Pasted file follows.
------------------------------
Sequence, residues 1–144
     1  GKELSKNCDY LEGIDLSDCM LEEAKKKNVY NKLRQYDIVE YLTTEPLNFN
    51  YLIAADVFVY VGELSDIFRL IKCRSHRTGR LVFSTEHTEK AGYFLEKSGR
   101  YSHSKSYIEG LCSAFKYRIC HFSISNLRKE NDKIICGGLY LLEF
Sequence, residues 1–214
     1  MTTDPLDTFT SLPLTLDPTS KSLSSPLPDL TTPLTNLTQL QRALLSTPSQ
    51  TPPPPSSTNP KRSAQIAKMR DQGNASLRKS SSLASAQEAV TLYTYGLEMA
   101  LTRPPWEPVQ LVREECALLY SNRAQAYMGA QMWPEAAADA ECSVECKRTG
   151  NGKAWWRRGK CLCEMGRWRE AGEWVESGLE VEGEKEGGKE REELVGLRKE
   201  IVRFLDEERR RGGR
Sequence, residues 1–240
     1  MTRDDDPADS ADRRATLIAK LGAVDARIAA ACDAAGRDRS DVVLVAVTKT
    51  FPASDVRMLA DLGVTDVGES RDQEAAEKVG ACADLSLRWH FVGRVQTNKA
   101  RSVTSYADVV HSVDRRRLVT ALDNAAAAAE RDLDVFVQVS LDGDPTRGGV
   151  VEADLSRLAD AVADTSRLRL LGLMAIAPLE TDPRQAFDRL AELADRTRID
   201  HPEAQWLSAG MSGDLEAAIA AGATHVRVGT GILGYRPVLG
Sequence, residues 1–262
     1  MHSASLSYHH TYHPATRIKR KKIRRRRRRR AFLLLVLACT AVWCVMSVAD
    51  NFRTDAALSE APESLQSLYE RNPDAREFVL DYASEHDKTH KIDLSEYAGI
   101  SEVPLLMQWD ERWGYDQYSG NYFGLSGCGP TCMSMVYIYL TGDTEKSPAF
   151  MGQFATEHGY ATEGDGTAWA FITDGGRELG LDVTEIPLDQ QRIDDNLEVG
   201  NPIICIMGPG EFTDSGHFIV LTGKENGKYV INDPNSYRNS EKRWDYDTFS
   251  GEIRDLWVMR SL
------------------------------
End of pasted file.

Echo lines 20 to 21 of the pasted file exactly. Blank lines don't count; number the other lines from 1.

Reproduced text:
   101  SEVPLLMQWD ERWGYDQYSG NYFGLSGCGP TCMSMVYIYL TGDTEKSPAF
   151  MGQFATEHGY ATEGDGTAWA FITDGGRELG LDVTEIPLDQ QRIDDNLEVG